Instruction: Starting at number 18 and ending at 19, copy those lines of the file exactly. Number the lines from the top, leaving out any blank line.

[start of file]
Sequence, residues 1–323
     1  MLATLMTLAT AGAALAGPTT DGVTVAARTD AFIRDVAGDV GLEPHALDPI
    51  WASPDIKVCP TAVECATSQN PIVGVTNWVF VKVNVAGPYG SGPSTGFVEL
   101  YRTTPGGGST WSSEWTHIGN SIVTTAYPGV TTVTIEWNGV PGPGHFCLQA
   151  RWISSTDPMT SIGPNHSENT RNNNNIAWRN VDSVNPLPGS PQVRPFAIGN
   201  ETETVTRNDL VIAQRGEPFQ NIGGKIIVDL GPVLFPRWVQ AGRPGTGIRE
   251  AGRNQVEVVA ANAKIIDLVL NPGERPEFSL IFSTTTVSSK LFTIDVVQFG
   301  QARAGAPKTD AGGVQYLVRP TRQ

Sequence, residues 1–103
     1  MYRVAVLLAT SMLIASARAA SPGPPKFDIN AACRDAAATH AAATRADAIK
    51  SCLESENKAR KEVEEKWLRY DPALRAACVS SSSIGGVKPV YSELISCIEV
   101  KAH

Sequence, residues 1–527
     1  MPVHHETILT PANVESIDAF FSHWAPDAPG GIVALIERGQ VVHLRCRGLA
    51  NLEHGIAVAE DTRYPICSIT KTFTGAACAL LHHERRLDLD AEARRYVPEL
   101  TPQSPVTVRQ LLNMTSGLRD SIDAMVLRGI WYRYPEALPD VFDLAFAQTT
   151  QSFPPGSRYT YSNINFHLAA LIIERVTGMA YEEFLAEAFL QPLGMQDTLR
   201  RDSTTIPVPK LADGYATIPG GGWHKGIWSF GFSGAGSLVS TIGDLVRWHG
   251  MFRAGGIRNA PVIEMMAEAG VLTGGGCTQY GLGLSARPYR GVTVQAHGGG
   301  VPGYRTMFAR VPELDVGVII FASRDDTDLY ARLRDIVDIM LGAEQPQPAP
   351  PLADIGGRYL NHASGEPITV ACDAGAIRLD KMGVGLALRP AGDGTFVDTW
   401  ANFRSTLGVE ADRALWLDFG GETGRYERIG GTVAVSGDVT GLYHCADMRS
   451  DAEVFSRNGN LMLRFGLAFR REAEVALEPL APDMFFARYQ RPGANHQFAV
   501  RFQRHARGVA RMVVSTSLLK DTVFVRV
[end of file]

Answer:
   201  RDSTTIPVPK LADGYATIPG GGWHKGIWSF GFSGAGSLVS TIGDLVRWHG
   251  MFRAGGIRNA PVIEMMAEAG VLTGGGCTQY GLGLSARPYR GVTVQAHGGG